Seventy-seven-year-old Sir Bob Charles added another extraordinary chapter to his golfing legend overnight, shooting 10 strokes below his age on the European Senior Tour.
Charles' first round 66 smashed his own tour record of five strokes less than his age and moved him to a share of third place at the Bad Ragaz PGA Seniors Open in Switzerland.
The day started with a terrible drive into the left-hand rough which led to a bogey five, but Charles then proceeded to put on a golfing master class.
Charles, the first left-hander and first New Zealander to win a major, rolled back the years and rolled home the putts to claim five birdies and join the six-way tie for third place, two strokes behind leader David J Russell.
"That was one of those dream rounds," Charles said. "I have just bettered my age by 10 shots - I have never got anywhere near that figure before. It's quite remarkable really.
"I have had some great days in my career and this is one of them. I felt young again. My putting certainly reminded of the days of my youth. I hit a lot of good shots and never missed any short putts and that was the secret really. I made two really big 15-foot par putts to and they were crucial.
"I take a lot of satisfaction from today. These days that is the goal and today was, as I said, like a dream and one I will never forget."
Charles's career is already awash with unforgettable moments. His 1963 British Open triumph at Royal Lytham & St Annes was just one of almost 80 career titles around the world, earning him a knighthood in 1999.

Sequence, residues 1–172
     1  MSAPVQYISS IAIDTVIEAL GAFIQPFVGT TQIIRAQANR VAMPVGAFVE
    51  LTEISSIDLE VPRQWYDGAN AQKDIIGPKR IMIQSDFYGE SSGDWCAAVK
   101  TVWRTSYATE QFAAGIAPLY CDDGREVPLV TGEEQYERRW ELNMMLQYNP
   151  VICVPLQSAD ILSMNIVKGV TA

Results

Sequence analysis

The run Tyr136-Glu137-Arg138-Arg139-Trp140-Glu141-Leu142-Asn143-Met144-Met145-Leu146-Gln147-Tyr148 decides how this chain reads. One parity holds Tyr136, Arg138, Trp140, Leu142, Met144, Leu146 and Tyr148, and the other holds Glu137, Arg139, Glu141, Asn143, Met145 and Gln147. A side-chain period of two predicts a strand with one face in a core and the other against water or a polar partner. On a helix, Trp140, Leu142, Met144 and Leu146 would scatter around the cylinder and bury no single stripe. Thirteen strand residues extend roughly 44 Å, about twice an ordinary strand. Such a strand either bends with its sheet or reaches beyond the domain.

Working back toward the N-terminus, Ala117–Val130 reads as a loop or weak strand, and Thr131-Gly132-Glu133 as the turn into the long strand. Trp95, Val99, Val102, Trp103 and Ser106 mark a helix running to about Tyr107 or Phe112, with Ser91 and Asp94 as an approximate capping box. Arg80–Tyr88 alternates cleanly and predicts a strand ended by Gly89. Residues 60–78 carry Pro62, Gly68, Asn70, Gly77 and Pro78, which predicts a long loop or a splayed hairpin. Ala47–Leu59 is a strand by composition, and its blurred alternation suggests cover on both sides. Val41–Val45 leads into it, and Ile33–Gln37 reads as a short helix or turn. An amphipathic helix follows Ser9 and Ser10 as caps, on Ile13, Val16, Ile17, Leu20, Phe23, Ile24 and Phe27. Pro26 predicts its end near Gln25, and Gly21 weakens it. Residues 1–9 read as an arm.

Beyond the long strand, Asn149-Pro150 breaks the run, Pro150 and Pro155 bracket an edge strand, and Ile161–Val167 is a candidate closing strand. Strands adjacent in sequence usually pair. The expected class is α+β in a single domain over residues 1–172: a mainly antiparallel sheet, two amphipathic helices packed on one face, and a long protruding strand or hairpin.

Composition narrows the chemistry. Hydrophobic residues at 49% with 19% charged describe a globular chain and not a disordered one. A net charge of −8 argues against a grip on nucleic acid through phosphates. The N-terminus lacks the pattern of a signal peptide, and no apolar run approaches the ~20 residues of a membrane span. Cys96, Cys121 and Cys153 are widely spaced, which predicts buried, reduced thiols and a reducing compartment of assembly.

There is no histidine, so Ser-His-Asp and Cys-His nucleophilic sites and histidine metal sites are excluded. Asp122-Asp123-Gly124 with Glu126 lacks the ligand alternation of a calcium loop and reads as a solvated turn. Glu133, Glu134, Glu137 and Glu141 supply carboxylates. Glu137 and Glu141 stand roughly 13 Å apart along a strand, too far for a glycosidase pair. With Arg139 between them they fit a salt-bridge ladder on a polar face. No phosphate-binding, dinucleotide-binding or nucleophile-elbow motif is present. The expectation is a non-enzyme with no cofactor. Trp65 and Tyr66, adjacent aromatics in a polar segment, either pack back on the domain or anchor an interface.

He remains the oldest player to make the cut at a European Tour event after his 23rd-place finish in the 2007 New Zealand Open aged 71 years and 261 days.
Charles officially retired at the 2010 edition of the Bad Ragaz PGA Seniors Open but he returned this year due to his love for the Bad Ragaz area and the golf club.
He does not play too many rounds of golf these days, but he hits still hits 50-70 balls three times a week on a golf course near his home in Christchurch to keep in shape.
"I really didn't know what to expect today," he said. "I came back here because I love Bad Ragaz, I love Switzerland, and I love coming back here to this golf club because the welcome we receive is overwhelming.
"I retired because I wasn't competitive anymore and I always said that I didn't want to hang around if I couldn't compete. Unfortunately, when you get to my age, the golf shots get shorter and the golf courses get longer and that combination is just not compatible.
"But that's what made today so special. It felt great out there. Can I win the tournament? I would doubt it but you just never know if I can keep putting as well as I did today."